Apr 9, 2024

The Moon’s Origin Story: A Tale of Collision and Reconstruction

Posted by in categories: computing, space

“For the first time we have physical evidence showing us what was happening in the moon’s interior during this critical stage in its evolution, and that’s really exciting,” said Dr. Jeff Andrews-Hanna.

Our Moon has long been hypothesized to have formed from a planet-sized object colliding with the Earth. But, what happened after and how can its unique geologic exterior and interior be explained? This is what a recent study published in Nature Geoscience hopes to address as an international team of researchers led by the Lunar and Planetary Laboratory (LPL) at the University of Arizona used a combination of spacecraft data and computer models to investigate the geologic processes that led to heavier elements being present on the nearside of the Moon, which is constantly facing Earth due to being tidally locked with our planet. This study holds the potential to help researchers better understand the geologic mechanisms behind planetary formation and could lead to gaining greater insight into how rocky planets like Earth and Mars formed.

For the study, the researchers used data from NASA’s GRAIL mission, which was used to map gravitational anomalies on the Moon, and computer models to determine the distribution of ilmenite, a combination of titanium and iron, across the Moon’s nearside and how much sunk into the Moon’s interior during the Moon’s formation and evolution. It has been previously hypothesized that while ilmenite sunk to the Moon’s interior early on, portions of it returned to the surface from volcanism, and the mechanisms behind these events have led scientists puzzled.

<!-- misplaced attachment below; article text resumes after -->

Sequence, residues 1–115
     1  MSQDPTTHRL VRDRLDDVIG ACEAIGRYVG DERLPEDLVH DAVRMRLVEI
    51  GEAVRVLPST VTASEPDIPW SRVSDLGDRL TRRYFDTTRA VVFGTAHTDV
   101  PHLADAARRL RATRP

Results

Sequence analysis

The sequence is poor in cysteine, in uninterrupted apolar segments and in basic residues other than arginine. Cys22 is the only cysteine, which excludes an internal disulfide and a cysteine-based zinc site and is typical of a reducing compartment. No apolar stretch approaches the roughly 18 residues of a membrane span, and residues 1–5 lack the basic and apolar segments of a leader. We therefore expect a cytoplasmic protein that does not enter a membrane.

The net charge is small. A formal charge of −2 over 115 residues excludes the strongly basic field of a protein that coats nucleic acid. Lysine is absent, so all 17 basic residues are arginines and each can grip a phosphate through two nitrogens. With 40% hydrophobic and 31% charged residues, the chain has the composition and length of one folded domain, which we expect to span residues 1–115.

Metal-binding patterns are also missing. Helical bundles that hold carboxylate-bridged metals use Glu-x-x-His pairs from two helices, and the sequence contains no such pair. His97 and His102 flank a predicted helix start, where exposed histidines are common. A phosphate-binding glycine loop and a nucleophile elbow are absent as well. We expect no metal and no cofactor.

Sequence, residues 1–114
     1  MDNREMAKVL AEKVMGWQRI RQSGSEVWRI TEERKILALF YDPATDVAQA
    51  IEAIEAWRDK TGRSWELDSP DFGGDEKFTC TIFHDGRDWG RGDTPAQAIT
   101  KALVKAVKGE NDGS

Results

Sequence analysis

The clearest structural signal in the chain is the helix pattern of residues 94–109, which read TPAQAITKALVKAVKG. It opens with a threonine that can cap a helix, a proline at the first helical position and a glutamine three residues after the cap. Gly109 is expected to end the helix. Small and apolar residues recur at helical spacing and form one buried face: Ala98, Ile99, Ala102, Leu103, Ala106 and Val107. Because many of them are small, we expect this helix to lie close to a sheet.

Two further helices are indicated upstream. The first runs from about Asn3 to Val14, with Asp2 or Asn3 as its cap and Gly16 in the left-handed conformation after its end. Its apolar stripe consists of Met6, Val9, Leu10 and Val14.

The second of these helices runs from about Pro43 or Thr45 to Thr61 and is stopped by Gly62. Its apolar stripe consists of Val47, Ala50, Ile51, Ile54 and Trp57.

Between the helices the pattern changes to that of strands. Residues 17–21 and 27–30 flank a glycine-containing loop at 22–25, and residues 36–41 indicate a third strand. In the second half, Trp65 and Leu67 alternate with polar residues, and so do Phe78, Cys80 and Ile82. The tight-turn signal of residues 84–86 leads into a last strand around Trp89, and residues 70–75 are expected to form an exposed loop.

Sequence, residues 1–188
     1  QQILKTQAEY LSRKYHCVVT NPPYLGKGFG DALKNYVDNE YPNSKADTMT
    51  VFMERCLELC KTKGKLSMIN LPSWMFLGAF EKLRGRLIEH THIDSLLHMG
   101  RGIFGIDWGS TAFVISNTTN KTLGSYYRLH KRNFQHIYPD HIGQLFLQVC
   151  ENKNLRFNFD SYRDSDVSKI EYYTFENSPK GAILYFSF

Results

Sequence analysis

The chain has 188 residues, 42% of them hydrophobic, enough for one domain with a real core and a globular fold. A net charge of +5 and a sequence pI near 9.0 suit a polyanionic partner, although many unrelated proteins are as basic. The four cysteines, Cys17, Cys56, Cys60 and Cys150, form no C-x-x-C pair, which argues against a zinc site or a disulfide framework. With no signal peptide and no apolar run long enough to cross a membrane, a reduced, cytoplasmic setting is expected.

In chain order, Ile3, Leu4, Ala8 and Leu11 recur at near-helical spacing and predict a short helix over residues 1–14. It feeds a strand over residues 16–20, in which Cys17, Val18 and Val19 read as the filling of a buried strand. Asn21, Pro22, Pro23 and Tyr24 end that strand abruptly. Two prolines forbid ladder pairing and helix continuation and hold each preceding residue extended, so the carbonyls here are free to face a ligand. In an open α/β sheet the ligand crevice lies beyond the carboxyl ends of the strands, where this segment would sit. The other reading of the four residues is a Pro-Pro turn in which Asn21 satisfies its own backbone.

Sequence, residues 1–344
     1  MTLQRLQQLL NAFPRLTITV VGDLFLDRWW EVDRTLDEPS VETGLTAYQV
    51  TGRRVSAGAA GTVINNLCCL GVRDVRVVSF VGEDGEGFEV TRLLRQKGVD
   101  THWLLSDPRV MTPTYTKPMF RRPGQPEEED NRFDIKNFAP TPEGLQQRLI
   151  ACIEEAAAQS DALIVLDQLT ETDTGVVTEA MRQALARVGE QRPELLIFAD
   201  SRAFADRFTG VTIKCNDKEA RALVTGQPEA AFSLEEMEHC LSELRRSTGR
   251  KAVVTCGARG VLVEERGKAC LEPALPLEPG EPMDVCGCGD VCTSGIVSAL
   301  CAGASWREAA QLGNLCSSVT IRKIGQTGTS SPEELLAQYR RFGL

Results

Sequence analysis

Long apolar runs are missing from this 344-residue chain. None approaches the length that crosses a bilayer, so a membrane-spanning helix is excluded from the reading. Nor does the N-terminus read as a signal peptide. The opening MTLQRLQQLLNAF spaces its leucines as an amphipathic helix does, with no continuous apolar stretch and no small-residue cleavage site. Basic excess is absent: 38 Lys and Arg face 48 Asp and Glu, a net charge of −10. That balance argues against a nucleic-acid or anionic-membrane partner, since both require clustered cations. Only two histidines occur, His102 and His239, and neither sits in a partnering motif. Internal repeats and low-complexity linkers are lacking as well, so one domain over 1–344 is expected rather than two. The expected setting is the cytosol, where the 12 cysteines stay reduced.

Comment so far

  1. Aristocratic Jack says:

    If you were around and looked up at the Moon 2 billion years ago or so, you would have seen a completely different satellite from the one that orbits Earth now. For starters, the Moon was far closer to the planet than it is nowadays. Around 2 billion years ago, the Moon was about 60,000 kilometers\40,000 miles away from the Earth,which is less than twice as high as geostationary orbit (which is around 35,785 km\22,230 mi up). Secondly, the Moon was geologically active at the time, so you probably would’ve seen a few volcanic eruptions on the Moon. A lunar atmosphere would have also likely been visible (yes, evidence suggests Luna had a somewhat thick atmosphere 2 billion years ago), which means clouds could have been visible around the Moon!

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